Memorizing new vocabulary for the short term can be easy. For example, it is not too difficult to remember a word over the length of a one hour lesson on italki. However, remembering that same word later that week, month, or year is more of a challenge. Just as important, but harder still, is being able to use it actively (in speaking and writing) instead of just passively (listening and reading). Therefore, in order to help you improve your abilities in this area, here are five science based tips for memorizing new vocabulary words and switching them from your passive to your active memory.


Tip #1: Learn How Your Brain Works


Our brain uses specific methods to memorize new information. For example, it makes associations between what we already know and what we are trying to memorize.


Keeping this in mind, try to actively create your own associations that will help you retain new vocabulary. One great way to do this is by making sentences with new words. Another way is to make associations between new vocabulary and information that you already know or are familiar with. These associations can be with a specific memory, emotion, image, sound, or rhyme.


Try to experiment and see what works best for you. Mnemonics are another great tool that use sound and patterns to memorize words. These are just some of the main tricks you can use to help your brain memorize new things.  


Tip #2: Try to Understand Vocabulary in the Context of a Full Sentence


Remember that the key to understanding and using new vocabulary is to know the proper collocations, or combination of words. For example, we “make money” and do NOT “do money.” We “take a photo” and do NOT “do a photo.” This can be done by paying careful attention to how words and expressions are used in written and spoken contexts.


Tip #3: Make Sentences with the Word or Phrase


If you can memorize one simple sentence with the new vocabulary, it may help you recall the word later. Sentences that use common collocations or that are personally meaningful to you are especially good.


For example, if you’re learning the phrasal verb “to keep up,” you might try to memorize a sentence like “I keep up with the news by reading the New York Times” (or your own favorite news source). Or, if you’re learning the word “to sniff” and have a dog named Snoopy, you might think of something like, “Snoopy loves to sniff.” This sentence is especially good because it has alliteration, which is another useful memory trick.


The importance of this method is that it helps you to actively use the word while also helping you to remember it. Of course, if you can be more creative and make different sentences, that is useful as well (see “make it a game” below). However, be careful. It can be difficult to make sentences with proper collocations (especially with expressions). So before you decide on a favorite sentence to memorize, confirm that it is correct with a language teacher or educated native speaker.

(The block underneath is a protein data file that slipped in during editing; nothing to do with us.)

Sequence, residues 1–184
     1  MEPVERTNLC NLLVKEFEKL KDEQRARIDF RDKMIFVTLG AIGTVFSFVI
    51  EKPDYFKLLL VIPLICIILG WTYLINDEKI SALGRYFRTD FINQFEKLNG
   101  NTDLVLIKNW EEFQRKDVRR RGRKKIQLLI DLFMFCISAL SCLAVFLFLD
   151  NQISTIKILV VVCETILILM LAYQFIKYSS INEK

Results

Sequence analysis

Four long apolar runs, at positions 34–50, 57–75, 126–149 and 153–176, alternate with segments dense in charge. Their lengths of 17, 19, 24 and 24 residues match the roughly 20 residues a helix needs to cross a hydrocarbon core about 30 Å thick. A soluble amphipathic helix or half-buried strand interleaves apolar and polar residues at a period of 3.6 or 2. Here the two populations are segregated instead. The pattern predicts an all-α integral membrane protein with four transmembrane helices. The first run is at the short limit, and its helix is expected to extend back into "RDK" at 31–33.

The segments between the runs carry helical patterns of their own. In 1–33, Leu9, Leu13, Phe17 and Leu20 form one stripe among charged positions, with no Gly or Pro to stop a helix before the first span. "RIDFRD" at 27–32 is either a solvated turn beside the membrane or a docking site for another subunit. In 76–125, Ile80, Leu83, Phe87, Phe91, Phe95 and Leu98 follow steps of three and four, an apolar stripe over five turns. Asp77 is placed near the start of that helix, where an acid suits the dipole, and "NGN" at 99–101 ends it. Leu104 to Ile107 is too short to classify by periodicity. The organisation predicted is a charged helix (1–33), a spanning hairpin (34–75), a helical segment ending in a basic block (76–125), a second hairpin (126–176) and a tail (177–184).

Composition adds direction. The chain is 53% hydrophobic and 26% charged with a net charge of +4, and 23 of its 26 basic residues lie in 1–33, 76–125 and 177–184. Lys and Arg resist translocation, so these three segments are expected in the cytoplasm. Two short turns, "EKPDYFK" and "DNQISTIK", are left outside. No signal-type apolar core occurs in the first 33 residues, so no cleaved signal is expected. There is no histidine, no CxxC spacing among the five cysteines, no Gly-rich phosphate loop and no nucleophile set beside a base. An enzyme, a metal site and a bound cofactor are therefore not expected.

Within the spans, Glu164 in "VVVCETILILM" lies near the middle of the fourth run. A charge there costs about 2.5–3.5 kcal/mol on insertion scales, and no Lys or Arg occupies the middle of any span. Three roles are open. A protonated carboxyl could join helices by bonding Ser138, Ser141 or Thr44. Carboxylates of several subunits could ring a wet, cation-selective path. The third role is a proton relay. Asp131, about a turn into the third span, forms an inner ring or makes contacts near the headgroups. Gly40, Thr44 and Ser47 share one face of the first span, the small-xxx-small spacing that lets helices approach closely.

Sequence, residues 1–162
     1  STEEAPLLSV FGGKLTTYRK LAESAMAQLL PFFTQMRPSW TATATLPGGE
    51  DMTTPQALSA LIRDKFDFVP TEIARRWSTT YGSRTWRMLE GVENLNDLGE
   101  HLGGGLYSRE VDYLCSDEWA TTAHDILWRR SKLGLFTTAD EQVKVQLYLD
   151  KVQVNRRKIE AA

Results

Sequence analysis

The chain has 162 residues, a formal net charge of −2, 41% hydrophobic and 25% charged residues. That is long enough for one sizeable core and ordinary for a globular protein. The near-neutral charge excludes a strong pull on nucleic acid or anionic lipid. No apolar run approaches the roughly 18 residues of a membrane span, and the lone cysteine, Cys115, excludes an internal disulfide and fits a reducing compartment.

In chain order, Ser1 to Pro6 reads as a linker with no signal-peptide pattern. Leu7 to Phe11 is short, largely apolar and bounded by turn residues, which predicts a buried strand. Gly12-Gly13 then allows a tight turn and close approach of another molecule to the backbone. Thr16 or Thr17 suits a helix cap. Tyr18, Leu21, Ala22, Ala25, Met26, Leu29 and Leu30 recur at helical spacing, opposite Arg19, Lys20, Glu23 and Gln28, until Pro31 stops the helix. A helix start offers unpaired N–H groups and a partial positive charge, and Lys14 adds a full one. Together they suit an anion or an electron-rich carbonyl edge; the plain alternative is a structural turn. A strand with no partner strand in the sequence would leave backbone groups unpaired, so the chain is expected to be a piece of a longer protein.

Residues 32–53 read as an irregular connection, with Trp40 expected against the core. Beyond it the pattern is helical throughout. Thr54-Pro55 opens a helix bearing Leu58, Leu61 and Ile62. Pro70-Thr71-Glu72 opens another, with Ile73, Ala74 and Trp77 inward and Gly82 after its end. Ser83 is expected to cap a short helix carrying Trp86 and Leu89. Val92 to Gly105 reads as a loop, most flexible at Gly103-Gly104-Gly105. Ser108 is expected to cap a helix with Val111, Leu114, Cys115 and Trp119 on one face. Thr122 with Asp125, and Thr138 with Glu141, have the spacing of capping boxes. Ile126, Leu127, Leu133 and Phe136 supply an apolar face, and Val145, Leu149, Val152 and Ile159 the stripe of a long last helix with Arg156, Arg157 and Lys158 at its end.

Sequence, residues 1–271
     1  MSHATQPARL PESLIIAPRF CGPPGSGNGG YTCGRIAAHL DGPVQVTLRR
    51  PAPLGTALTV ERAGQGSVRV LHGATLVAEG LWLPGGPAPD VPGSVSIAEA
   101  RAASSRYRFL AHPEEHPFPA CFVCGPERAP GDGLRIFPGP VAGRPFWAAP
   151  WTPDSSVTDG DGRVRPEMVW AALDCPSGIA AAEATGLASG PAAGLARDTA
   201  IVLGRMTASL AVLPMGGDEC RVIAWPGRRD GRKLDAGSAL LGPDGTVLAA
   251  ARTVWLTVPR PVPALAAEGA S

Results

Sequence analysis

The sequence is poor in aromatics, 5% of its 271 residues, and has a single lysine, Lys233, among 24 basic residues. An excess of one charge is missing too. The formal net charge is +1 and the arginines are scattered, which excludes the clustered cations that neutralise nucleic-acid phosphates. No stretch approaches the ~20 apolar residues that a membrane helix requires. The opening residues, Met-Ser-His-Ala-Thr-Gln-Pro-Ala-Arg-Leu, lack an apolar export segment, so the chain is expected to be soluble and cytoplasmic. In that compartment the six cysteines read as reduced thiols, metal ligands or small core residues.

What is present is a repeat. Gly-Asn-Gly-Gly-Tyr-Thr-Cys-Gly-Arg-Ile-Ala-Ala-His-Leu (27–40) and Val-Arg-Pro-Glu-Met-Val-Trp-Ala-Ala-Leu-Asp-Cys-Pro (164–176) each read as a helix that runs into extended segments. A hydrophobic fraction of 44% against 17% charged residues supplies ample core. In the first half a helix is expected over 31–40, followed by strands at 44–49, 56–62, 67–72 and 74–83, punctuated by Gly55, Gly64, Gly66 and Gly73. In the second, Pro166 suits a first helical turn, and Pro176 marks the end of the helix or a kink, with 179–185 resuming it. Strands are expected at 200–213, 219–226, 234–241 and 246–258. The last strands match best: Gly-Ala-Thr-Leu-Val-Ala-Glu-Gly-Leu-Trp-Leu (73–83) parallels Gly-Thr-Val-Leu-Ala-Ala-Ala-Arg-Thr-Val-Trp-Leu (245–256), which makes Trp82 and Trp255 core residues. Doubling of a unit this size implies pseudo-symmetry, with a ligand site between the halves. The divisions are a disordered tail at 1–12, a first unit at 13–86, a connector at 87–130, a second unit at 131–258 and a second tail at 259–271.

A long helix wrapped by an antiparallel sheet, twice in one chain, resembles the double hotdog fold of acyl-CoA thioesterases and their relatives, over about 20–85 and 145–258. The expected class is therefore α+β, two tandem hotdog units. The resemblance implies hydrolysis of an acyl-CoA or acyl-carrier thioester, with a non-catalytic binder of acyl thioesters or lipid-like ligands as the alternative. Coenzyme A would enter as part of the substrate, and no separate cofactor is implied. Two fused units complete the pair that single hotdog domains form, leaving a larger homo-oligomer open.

Tip #4: Make it a Game!


Games can be important business and a key ingredient for optimal learning. Try to think of different ways that you can make learning new vocabulary fun and interesting. For example, try to use a word at least five times a day or try to write a story, song, or poem with it. The value of learning through play is often increased if it’s social, so language games that include other people are a great idea too.


Tip #5: Use it or Lose it


This is one of the most obvious, but important rules. The more you actively use new vocabulary through speaking and writing, the more it will reinforce the new connections in your brain by helping to identify this as important information that shouldn’t be forgotten. As the Russian proverb goes, “repetition is the mother of learning.” In order to keep new vocabulary fresh in your memory, you must regularly use it.


Keep in mind though that the frequency of repetition can usually decrease with time. For example, for the first few weeks, you may find it important to review new vocabulary every day, but after some time, you may need to review it less frequently as it becomes part of your long-term memory. Remember that frequency of practice trumps intensity, although some intense periods of practice can be useful as well.




These five tips are some of the most useful ways to memorize new vocabulary words and to transfer them from your passive to your active memory. If you incorporate them into your study of any language, you’ll be well on your way to more effectively increasing your vocabulary.


Which of these tips did you find most useful? Which methods of memorizing new vocabulary work best for you? Feel free to share your thoughts in the comment section.


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